This delightful little book is written as an imaginary conversation between Owen O’Shea and a fictional professor bearing the name of Richard Stein. The dialog is centered on revealing number curiosities, tricks, puzzles and coincidences. There is something in this book of every type of reader. Some problems are left to the reader (with answers at the end of each chapter), some are presented in the text. Some of the puzzles are difficult enough that they would appeal to the most sophisticated readers; others are rather silly, or even far-fetched, as far as numerical coincidences go.
Some of my favorite sections were the ones on palindromes and on dart and card curiosities. Who would have thought of looking for the smallest palindromic prime containing all ten digits? And although I didn’t know how to play darts, I was quickly convinced that there are lots of interesting mathematical questions that can be asked in connection with the scoring of the game.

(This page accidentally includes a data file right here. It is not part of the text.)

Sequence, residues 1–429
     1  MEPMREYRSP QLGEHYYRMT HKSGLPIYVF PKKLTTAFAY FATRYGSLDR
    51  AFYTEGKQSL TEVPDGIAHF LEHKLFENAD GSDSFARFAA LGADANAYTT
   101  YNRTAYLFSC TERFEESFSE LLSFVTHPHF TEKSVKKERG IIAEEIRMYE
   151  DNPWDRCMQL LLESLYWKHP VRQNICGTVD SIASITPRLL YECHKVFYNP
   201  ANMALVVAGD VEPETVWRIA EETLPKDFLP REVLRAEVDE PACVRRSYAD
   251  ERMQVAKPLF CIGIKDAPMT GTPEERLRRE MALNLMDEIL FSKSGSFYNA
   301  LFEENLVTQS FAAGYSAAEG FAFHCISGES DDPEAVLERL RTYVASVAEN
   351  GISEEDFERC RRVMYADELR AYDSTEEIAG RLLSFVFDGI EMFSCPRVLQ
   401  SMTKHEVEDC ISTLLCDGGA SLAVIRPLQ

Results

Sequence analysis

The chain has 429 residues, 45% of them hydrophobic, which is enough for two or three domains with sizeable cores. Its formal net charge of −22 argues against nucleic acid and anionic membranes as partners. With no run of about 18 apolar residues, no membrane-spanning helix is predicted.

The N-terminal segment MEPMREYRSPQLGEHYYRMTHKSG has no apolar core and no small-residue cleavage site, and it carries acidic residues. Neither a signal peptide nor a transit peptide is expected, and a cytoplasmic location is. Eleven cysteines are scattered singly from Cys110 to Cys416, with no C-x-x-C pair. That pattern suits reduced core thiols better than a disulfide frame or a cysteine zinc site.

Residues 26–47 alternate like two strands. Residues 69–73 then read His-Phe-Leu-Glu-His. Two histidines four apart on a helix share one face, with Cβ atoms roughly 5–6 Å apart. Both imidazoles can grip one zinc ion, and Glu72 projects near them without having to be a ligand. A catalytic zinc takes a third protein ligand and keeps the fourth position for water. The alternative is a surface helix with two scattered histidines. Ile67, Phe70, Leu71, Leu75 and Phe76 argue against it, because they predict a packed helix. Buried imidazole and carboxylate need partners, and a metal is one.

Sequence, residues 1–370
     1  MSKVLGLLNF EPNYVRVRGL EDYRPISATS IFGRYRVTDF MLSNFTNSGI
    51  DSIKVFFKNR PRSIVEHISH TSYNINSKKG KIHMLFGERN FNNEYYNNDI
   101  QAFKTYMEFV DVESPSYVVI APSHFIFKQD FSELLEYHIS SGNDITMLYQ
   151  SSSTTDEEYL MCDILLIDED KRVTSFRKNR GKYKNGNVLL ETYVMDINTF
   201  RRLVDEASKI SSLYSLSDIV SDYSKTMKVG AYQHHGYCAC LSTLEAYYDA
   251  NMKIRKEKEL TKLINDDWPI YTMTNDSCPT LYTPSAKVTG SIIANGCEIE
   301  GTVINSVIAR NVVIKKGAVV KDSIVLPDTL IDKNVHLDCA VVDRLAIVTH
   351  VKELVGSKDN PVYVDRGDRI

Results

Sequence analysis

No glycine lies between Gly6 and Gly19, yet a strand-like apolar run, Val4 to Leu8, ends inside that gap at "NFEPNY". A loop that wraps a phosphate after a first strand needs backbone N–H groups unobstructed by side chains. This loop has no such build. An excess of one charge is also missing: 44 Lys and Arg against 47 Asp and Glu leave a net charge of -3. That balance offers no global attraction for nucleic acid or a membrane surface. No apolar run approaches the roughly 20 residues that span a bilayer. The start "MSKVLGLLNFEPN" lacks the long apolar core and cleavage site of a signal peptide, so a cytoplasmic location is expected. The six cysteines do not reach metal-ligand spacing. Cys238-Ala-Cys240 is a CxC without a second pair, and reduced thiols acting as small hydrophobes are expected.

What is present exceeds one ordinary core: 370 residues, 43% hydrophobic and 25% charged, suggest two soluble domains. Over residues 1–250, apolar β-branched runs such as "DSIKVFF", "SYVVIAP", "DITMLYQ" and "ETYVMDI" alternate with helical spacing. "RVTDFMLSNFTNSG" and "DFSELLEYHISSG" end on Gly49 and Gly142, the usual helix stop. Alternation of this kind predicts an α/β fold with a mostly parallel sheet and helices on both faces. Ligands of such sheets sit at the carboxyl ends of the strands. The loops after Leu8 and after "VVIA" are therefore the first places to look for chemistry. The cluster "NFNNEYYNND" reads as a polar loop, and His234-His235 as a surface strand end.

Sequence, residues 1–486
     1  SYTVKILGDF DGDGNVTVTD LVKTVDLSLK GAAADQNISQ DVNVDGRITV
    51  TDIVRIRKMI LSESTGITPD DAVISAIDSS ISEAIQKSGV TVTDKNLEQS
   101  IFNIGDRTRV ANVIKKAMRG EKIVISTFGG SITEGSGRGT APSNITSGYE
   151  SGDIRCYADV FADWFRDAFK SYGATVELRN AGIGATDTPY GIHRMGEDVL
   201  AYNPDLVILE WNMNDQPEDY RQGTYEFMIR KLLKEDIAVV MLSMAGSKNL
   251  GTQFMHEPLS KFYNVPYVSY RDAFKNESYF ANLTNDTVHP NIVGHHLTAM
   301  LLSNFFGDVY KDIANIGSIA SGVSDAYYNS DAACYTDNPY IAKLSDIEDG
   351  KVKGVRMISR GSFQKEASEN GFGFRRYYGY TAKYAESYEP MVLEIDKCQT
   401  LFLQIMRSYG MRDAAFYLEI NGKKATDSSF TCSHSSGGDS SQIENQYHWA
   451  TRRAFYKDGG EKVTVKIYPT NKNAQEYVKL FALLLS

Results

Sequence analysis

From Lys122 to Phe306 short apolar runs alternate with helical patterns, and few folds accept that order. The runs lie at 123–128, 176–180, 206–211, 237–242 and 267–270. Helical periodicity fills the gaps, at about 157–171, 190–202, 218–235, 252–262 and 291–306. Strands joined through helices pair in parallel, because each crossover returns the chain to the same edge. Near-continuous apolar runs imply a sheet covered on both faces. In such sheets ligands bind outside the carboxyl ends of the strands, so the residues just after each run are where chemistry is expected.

At the same time, I have to confess that I was less impressed by some of the coincidences dealing wars and historical events, as presented with the aid of number properties. But far from being a fault of the book, this is what makes the book richer: something for every taste. In addition, all the number stories are wrapped in an appealing dialogue, peppered with humor and wit.
As part of the MAA Spectrum series, The Magic Numbers of the Professor is highly entertaining, and perfectly fulfills its purpose of appealing to a broad range of readers.
Ioana Mihaila (email@example.com) is Assistant Professor of Mathematics at Cal Poly Pomona. Her research area is analysis, and she is also interested in mathematics competitions.